By Carlo Miguel Castañeda
The rags to riches trope is something that gets explored often in fiction. The thing is, as much as life can imitate art, there are some things that just do not happen without putting effort, time, and dedication into the endeavor.
Filipino rags to riches stories can sometimes have a different effect than is intended. Some people who read them might fail to take away the key lesson of these stories, and focus on the worst aspects. It’s important to remember that these stories are supposed to be something to fuel one’s drive to succeed, no matter how stacked the odds might be, just like these three did.
Founder – Mercury Drug Corp.
At his funeral in April, many people had a lot to share about the late founder of the country’s largest player in the pharmaceutical retail game – all of it positive. Among these stories is how Mariano Que started the multi-billion Peso company with Php 100, used to purchase a bottle of sulfathiazole pills, which he then sold off piece by piece.
The single bottle funded a small round of various medicines that grew to be sold out of a pushcart, then eventually the very first branch of Mercury Drug in Bambang, Metro Manila. Named after the Roman messenger god, Mercury Drug is a household name throughout the country, known for selling medication per piece, and delivering medicine straight to one’s doorstep.
His is the lesson of perseverance, kindness, and giving back to the community. Under his leadership, Mercury Drug weathered a flu pandemic and pioneered advancements in the way pharmaceuticals and medicines are handled. It goes to show that anyone who wants to start a business is going to want to start small and start simple. It’s fine to dream big, but it’s all about the details.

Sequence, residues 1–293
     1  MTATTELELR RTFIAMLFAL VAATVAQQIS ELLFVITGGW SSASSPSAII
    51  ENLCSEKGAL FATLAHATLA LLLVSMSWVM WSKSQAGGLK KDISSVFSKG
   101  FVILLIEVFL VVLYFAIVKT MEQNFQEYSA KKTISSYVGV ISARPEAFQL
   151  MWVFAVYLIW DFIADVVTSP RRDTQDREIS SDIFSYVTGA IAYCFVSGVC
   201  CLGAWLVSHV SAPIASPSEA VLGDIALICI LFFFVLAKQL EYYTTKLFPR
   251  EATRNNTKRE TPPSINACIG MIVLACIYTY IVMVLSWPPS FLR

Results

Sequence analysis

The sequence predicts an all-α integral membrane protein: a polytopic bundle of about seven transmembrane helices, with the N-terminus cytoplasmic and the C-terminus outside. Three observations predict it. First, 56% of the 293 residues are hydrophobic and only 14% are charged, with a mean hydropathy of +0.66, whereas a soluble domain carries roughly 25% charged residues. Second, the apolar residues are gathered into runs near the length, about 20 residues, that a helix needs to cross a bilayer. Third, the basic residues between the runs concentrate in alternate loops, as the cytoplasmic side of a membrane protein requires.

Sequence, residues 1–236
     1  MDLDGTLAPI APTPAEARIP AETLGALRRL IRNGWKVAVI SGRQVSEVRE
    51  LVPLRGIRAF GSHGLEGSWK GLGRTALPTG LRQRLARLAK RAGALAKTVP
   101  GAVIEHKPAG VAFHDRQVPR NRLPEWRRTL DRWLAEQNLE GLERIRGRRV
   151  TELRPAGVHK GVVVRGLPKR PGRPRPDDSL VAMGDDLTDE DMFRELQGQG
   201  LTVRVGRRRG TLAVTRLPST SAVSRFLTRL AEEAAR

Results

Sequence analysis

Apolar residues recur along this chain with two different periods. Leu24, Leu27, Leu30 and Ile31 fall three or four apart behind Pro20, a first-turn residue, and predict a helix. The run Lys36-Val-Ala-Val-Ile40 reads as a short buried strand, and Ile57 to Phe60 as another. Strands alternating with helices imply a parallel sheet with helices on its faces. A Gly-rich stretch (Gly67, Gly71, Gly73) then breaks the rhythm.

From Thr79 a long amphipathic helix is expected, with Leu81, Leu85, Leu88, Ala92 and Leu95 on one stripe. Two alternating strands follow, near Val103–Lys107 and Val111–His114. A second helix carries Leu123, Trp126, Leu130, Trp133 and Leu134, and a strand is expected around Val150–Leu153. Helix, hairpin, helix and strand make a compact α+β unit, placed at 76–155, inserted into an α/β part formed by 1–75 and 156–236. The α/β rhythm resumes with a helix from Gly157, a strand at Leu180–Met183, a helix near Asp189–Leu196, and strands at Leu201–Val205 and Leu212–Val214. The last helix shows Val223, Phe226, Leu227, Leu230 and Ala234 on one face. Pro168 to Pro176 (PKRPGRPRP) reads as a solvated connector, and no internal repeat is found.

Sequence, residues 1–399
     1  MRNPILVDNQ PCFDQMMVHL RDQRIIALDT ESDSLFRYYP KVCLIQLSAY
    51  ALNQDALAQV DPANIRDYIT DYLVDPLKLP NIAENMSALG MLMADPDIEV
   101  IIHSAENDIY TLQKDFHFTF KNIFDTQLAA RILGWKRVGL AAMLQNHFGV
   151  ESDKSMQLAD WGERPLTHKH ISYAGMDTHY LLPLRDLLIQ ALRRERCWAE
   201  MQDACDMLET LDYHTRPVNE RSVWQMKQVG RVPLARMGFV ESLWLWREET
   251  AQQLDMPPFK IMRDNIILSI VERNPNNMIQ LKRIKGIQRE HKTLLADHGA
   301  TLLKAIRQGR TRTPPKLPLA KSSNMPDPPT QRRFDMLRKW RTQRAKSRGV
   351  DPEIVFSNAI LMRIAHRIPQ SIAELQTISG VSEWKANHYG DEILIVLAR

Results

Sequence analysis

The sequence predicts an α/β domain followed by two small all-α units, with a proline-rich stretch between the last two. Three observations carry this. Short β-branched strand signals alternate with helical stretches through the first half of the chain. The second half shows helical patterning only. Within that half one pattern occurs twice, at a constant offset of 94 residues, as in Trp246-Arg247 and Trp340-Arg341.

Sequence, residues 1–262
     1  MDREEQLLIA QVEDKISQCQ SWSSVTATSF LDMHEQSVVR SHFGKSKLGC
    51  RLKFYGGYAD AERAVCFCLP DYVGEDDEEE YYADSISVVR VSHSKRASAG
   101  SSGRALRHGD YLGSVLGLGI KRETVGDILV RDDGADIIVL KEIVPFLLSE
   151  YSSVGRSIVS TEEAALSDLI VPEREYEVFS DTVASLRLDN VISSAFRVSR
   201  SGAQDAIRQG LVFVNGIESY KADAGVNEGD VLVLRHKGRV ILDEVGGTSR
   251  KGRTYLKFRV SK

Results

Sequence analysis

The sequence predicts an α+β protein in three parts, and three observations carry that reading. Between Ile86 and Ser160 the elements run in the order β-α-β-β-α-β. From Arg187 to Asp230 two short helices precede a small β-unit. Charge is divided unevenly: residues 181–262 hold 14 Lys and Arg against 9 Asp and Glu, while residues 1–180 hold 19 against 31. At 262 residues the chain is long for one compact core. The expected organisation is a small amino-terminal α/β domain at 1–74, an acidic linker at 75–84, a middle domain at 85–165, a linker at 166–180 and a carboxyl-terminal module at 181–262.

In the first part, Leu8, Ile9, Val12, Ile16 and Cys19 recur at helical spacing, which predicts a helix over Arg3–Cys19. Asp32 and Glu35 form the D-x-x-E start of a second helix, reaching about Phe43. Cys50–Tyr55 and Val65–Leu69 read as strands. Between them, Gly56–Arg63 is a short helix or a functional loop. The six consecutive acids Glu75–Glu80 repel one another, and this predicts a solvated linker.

Founder – Chalre Associates
A rags to riches tale has been used to describe Rebecca Bustamante’s journey from Dansol, Pangasinan, Bataan, to Singapore, then Canada, and back to the Philippines. At 18, she found herself without parents, and with a family to support, she moved to Bataan to work in a factory, then to Singapore to work as househelp while continuing her studies in Accounting.
She would later move to Canada to continue her work, and further her education, earning a graduate degree in Marketing and Accounting at Ryerson University in Ontario. Her hard work eventually led to her dream coming true: she was able to support her younger siblings through school, and pursue a career in Sales before eventually deciding to return to the Philippines to establish Chalre Associates with husband Richard Mills in 2000.
The Management Recruiting practice now has offices across Southeast Asia. It just goes to show how having the drive to reach a goal can lead to things that you might never have imagined.
Corazon D. Ong
Founder – CDO-Foodsphere
Food is a primary need, make no bones about it. When dietitian Corazon D. Ong left the profession, she spent her time on perfecting dishes that wound up in her kids’ lunchboxes. In 1975, she founded her own kitchen-based business with her husband, creating processed meat products like tocino, longganisa, and siopao.
This small business would eventually expand beyond making things by hand and selling to friends and neighbors. An accident forced the duo to invest in equipment, though this turned out to be a blessing in disguise, as it allowed Ong to grow the business, eventually becoming known for its affordability and high-quality offerings during the Asian crisis.
Today, CDO is a household brand that spiraled out of a small, hobby-based business. It illustrates what anyone can do with their hobbies if they’re willing to invest time and effort into it.
The success of a business in the current economy factors in a lot of things, like whether or not the product has a market to reach. These three stories come from a time when there was a lot of untapped corners in the general market.
The core of the success in any business is believing in what you’re doing. In that, you’ll be driven to ensure your own success.
((Article and Images from https://sg.news.yahoo.com/top-filipino-rags-riches-stories-084624160.html)